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discussed is the emphasis on intangible heritage within African culture and the challenges these ideals present to the values and methodology presented within the Venice Charter. Krakow Charter 2000: Principles for Conservation and Restoration of Built Heritage. Krakow: The International Conference on Conservation, 2000. The creation of the ‘‘Krakow Charter’’ may be considered an attempt to produce a substitution for the Venice Charter. The Krakow Charter was the result of the conference in Krakow in 2000. (Szmygin, Boguslaw. ‘‘Venice Charter: The Universal Document or Burden of the Past? A Conservator’s Point of View.’’ In The Venice Charter Revisited, edited by Matthew Hardy, 71–81. Cambridge: Cambridge Scholars Publishing, 2008.) The Krakow Charter does not specifically discuss the Venice Charter but mentions that the principles outlined are in response to it. The Krakow Charter states: ‘‘Conscious of the profound values of the Charter and working towards the same aims, we propose the following principles for conservation and restoration of the built heritage in our time.’’ Larsen, Knut Einar. ‘‘A Comment Concerning the International Course on Wood Conservation Technology in Relation to the Venice Charter.’’ In ICOMOS, A Quarter of a Century, Achievements and Future Prospects. Lausanne: ICOMOS, 1990. This short article explores how ‘‘revitalization’’ (or reconstruction) practices are in line with the goals of the Venice Charter, with specific attention paid to preservation practices in Japan and Thailand. Lewis, Miles. ‘‘The Conservation Analysis: An Australian Perspective.’’ APT Bulletin 28, no. 1 (1997): 48–53. This article summarizes the criticisms of the Venice Charter that led to efforts to revise the document during the Fifth General Assembly of ICOMOS in 1978. The publication focuses on the Australian viewpoint and the creation of the Burra Charter. Menon, A. G. K. ‘‘Rethinking the Venice Charter: The Indian Experience.’’ South Asian Studies: Journal of the Society for South Asian Studies 10 (1994): 37–47. This article discusses architecture and preservation in India and the challenges they present to the Venice Charter. India’s architecture is both inspired by Western culture as well as representative of indigenous styles. While the sites inspired by Western culture can be restored according to the Venice Charter, the indigenous architecture constructed by India’s master masons requires different treatment. The author recommends the creation of an India Charter in order to appropriately conserve indigenous architecture. Mihelicˇ, Breda. ‘‘Town Planners and Conservators: A Hundred Years of Disagreement and Co-operation.’’ Varstvo Spomenikov 39 (2001): 213–26. Within this article there is a subsection entitled, ‘‘The Venice Charter and the Venice School of Architecture,’’ which discusses the relationship between the Venice Charter and city planning. Included within this is also discussion of the charter’s emphasis on the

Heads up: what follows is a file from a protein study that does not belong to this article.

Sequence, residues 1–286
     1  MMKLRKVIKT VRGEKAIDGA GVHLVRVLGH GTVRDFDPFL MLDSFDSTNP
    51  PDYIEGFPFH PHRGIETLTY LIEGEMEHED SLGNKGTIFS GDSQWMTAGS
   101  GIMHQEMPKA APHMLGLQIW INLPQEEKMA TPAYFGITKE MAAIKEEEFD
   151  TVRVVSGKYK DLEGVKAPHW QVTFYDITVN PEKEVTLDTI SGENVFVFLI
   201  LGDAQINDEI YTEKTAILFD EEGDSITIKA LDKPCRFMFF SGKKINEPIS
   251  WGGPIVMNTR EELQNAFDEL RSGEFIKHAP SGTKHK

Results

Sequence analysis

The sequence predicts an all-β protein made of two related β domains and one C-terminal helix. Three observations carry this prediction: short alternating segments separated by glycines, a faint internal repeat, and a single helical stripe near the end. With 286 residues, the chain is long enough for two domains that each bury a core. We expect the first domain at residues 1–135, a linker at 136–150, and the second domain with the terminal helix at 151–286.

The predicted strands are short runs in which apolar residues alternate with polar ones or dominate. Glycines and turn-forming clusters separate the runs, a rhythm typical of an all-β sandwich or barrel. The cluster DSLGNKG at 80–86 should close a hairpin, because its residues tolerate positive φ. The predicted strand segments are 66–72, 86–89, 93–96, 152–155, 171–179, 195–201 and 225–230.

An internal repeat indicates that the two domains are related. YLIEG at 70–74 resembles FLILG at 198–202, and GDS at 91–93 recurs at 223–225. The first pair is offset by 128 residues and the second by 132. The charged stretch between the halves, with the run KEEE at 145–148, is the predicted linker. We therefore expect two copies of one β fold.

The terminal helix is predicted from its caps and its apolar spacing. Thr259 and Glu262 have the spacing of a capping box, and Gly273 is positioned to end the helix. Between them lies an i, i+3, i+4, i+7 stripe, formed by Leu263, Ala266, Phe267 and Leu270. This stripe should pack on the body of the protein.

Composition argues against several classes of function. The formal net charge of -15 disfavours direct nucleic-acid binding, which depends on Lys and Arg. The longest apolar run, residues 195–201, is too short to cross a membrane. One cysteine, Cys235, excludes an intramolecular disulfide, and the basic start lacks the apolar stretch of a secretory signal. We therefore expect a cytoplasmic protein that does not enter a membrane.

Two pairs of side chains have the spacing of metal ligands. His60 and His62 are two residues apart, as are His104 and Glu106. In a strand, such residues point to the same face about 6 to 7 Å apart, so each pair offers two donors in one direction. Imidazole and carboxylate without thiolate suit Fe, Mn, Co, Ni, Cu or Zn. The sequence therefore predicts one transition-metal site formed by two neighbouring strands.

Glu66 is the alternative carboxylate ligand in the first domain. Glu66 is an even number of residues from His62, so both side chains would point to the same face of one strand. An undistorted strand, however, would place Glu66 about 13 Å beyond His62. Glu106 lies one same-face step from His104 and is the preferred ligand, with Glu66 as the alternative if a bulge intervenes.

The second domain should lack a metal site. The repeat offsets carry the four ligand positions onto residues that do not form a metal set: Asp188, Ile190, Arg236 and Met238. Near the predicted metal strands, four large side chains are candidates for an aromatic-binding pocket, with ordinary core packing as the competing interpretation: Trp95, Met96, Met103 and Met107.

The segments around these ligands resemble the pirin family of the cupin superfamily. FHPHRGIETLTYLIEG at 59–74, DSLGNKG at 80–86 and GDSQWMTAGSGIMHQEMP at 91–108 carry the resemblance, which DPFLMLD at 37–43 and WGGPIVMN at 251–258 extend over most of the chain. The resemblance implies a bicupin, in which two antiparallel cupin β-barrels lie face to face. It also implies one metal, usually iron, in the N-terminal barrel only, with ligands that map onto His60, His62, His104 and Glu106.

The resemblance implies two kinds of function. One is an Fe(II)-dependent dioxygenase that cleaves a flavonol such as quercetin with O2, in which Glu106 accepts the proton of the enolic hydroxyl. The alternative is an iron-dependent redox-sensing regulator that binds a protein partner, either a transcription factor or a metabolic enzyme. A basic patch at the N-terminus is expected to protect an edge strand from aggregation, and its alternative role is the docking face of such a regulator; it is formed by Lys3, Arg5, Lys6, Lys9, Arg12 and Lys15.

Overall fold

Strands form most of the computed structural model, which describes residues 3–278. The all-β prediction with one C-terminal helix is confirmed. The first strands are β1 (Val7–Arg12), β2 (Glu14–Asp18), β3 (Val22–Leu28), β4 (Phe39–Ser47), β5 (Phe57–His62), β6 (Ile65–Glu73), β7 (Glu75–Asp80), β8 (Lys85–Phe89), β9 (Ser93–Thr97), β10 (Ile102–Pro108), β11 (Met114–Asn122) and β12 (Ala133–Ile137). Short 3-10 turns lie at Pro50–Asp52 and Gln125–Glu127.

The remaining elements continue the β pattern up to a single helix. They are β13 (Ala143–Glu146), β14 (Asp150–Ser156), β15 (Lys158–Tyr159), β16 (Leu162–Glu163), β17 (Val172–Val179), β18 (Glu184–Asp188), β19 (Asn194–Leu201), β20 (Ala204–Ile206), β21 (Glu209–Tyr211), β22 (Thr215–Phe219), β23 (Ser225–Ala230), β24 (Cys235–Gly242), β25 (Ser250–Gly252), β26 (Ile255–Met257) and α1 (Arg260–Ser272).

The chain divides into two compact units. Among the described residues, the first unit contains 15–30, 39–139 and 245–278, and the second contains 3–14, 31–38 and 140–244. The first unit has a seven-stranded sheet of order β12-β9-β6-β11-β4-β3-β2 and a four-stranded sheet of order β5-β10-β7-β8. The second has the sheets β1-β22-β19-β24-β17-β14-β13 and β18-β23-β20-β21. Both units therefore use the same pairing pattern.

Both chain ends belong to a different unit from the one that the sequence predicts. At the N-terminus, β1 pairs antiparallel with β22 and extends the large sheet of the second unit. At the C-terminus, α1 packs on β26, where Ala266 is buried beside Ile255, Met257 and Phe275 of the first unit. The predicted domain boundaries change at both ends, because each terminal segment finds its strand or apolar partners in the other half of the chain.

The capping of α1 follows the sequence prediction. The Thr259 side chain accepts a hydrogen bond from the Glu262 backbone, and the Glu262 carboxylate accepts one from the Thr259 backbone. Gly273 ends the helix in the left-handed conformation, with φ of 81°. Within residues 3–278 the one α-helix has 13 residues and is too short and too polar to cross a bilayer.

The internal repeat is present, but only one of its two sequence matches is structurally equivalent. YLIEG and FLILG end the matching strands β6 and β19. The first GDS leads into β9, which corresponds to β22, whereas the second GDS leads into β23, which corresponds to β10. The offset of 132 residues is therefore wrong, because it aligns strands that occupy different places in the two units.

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significance of ‘‘monument ambience.’’ According to the author, this concept led to the creation of measures for the protection and renovation of historic centers in Europe. Miller, Hugh C. ‘‘Preservation Technology Comes of Age in North America.’’ APT Bulletin 37, no. 1 (2006): 55–59. This article discusses the rejection of the Venice Charter by the U.S. delegation to the Second International Congress of Architects and Technicians of Historic Monuments. The article briefly reviews the delegation’s reasons for rejecting the document, highlighting U.S. preservation practices at the time and the reasons the principles outlined in the charter were not applicable. Miller, Hugh C. ‘‘USA.’’ In ICOMOS, A Quarter of a Century, Achievements and Future Prospects. Lausanne: ICOMOS, 1990. This article summarizes the commentaries made by the U.S. Committee during the 1990 international symposium. The article discusses the U.S.’s initial reaction to the Venice Charter and its influence on the nation’s ‘‘preservation system.’’ The document concludes with suggestions for a ‘‘contemporary version of the Charter.’’ The Monument for the Man. Padova: Marsilio, 1972. This book was published seven years after the Second International Congress of Architects and Specialists of Historic Buildings in 1964 and documents the Acts of the Congress of Venice. ‘‘Monuments and Sites XI – The Venice Charter 1964–2004–2044?’’ ICOMOS: Monuments and Sites XI (2005). Ndoro, Webber. ‘‘The Question of Authenticity and Its Application to Cultural Heritage in Africa.’’ Scientific Journal 7 (ICOMOS, 1996). This article provides a brief summary of the Venice Charter, including the context for its creation and criticisms of its sole focus on European heritage and ideals. The emphasis of the publication, however, is on the charter application to heritage sites in Africa. The author emphasizes that in African culture, the emotional and religious value of heritage sites are most important but that unfortunately these features are ignored in the charter. The author includes a call to action, stating ‘‘if [the] ICOMOS operation guidelines are to find a place in the conservation movement and heritage management in Africa they have [to] take cognizance of the traditional values of the region into consideration.’’ Pecs Declaration on the Venice Charter. Pecs: ICOMOS, 2004. This declaration was created at the 2004 ICOMOS Conference dedicated to the fortieth anniversary of the Venice Charter. The declaration outlines the conference participants’ suggestions and recommendations formulated about the Venice Charter.